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The Bible and secularism: A deep and radical antagonism
June 06, 2005
By R. Albert Mohler Jr., President, Southern Seminary
"It need not further be denied," argued James Orr, "that between this view of the world involved in Christianity, and what is sometimes called 'the modern view of the world' there exists a deep and radical antagonism." James Orr observed this "deep and radical antagonism" over a century ago. Can we possibly fail to see it now?
As Christians, we are unavoidably engaged in a great battle of worldviews — a conflict over the most basic issues of truth and meaning. A worldview that starts with the existence and sovereign authority of the self-revealing God of the Bible will be diametrically opposed to worldviews that deny God or engage in what we might call "defining divinity down."
At the heart of this controversy lies the irreducible obstacle of biblical authority. As a matter of fact, it may be impossible to overestimate the true depth of postmodern antipathy to the Bible — at least to the Bible as an authoritative revelation from God.
Just consider what the modern secular mind confronts in the Bible. At the foundational level, the Bible makes a "totalizing" claim to truth. In the terminology of postmodern academic discourse, this means that the Bible claims to present absolute and non-negotiable truth that effectively trumps all other authorities. In an intellectual context of personal autonomy and individual self-expression, this appears to represent an unfair imposition of authority.
And the Bible contains so much material that runs against the moral sense of a largely-secularized society. Let's just be honest and admit right up front that the Bible pulls no punches and leaves no room for a public relations effort to clean up the dust storm.
The Bible begins with a straight-forward declaration of divine creation, complete with a divine design for every aspect of the created order.
Then, we confront the creation of human beings as made in the image of God, and thus uniquely gifted and accountable as moral and spiritual creatures. And, we add, human beings are made male and female to the glory of the Creator. There it is — gender as part of the goodness of God's creation. This is no vision of gender differences as mere social construction.
Marriage immediately follows as the divinely designed institution for human ordering, reproduction, sexuality and romantic fulfillment. Marriage — the union of one man and one woman — is presented as an objective reality constituted as a moral covenant with legal and moral boundaries, not as a contract to be made, remade or unmade at will.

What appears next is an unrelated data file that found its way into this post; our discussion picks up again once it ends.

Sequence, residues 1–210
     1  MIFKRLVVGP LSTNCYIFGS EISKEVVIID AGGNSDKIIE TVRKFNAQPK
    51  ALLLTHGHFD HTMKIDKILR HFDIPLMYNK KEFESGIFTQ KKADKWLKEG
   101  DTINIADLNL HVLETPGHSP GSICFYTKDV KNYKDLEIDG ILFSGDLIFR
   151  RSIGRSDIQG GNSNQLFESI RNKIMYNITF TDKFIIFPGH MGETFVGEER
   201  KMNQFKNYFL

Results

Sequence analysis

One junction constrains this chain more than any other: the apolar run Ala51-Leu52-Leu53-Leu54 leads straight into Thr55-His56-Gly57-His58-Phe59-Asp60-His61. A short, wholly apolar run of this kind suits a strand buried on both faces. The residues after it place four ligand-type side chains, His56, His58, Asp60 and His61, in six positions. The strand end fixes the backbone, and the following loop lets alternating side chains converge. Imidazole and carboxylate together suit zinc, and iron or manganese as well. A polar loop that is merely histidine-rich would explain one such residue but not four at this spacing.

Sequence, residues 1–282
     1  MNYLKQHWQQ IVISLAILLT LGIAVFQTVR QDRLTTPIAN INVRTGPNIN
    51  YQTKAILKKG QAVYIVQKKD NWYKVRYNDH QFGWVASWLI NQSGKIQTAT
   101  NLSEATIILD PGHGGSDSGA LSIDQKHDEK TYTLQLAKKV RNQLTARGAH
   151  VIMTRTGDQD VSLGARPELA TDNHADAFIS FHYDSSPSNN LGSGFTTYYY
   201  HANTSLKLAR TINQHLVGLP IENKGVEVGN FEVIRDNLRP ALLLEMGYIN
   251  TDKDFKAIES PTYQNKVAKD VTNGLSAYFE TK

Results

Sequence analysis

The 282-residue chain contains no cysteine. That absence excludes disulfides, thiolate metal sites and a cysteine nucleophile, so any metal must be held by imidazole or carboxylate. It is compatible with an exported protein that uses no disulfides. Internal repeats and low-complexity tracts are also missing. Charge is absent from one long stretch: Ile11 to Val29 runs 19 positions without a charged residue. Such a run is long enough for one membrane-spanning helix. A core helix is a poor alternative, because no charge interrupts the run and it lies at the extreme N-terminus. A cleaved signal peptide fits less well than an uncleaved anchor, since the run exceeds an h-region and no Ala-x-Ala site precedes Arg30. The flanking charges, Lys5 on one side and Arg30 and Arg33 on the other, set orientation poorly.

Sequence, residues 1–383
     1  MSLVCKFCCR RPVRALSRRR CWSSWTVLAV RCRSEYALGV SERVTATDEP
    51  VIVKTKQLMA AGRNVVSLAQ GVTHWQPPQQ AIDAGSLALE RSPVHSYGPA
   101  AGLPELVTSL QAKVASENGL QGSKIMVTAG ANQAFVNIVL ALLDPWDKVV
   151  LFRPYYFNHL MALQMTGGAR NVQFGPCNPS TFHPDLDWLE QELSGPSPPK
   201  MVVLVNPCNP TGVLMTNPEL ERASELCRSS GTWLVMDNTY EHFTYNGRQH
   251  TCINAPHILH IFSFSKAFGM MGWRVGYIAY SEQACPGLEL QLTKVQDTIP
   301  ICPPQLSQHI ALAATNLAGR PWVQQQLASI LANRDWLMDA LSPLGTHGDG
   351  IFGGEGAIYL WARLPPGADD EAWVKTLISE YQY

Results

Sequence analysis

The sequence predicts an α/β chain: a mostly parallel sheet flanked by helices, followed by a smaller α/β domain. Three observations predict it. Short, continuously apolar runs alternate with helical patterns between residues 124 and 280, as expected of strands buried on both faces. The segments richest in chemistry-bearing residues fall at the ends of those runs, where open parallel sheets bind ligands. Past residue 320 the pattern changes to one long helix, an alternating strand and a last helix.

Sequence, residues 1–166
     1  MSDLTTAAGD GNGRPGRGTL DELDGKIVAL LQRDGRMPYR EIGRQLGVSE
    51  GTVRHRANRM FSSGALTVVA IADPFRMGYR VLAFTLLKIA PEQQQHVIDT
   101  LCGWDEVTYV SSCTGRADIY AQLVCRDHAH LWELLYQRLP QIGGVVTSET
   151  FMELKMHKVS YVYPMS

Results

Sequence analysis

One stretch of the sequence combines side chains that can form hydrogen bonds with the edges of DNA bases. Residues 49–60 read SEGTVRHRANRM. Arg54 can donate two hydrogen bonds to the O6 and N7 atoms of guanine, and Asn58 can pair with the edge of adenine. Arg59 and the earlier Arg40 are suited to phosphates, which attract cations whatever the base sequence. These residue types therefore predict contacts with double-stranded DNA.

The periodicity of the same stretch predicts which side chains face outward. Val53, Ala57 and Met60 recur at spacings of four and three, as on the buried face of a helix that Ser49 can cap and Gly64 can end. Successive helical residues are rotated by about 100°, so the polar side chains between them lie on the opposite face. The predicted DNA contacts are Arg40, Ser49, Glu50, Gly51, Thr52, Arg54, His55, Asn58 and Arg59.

Then comes sin. The third chapter of Genesis clearly fails to meet muster in terms of modern psychotherapeutic expectations. Responsibility for sin is laid right at human feet; and the consequences of sin — downright repressive — are worse than draconian. Most troubling of all, sin is presented as something that tells the truth about us — not merely the truth about a sinful world system.
The Pentateuch — all five books — presents an unvarnished picture of humanity's sin and its consequences. To a culture deeply committed to a therapeutic worldview, this is just too much. Now that sin has been banished from our moral vocabulary, what are postmodern Americans to do with the Fall, the giving of the Law, the sacrificial system and blood atonement?
And what of the New Testament? Instead of refuting the Old Testament, the New Testament fulfills the Old, pushing the envelope of secular suspicion even further.
Now we confront the great claim of the incarnation — that Jesus the Christ is fully God and fully man. Miracles are documented, the teaching of Jesus is presented in full force, and the Gospel is laid before our eyes.
Then come the cross and the empty tomb. God's determinative plan to save His people from sin come to a climax in the suffering and death of Christ, presented as God's plan set into action before the creation of the earth. The empty cross points to the bodily resurrection of Jesus Christ from the dead, and the truth claims of the Gospel contradict any effort to reduce Jesus to a mere teacher or guide, a social activist or a proto-therapist.
The church is established as God's people on earth: an eschatological people eventually drawn from every tongue, tribe, people and nation. And then, looming in the future, lies judgment. The realities of Heaven and Hell are presented as dual destinations for humanity, and the wrath of God is promised to be poured out upon sinners, even as the mercy of God is extended to all who have come to Christ by faith. The way to salvation is narrow; the road to destruction is wide. There is but one Savior and one way of salvation.
All this is just too much for the postmodern mind to handle. A "deep and radical antagonism" separates the Bible and our postmodern culture. But then, since the Fall that antagonism has always existed, separating obedience to God's truth from the demand for human autonomy.
Christians are often perplexed by resistance to the Bible and to the Gospel. We tend to distance ourselves from the reality that the Bible sounds so exceedingly strange to modern and postmodern ears. We underestimate the distance of the divide between biblical Christianity and secular worldviews.
All this should remind us of our constant evangelistic and apologetic task — and of the fact that salvation is all by grace. After all, it's not that we were smart enough to wade through all this and emerge as believers. Instead, our eyes were opened so that we would see.
That radical antagonism James Orr was talking about isn't overcome by force of argument and persuasion alone, but by grace. As we engage in the controversies and debates of this age, we had better keep that great fact always in the forefront of our thinking.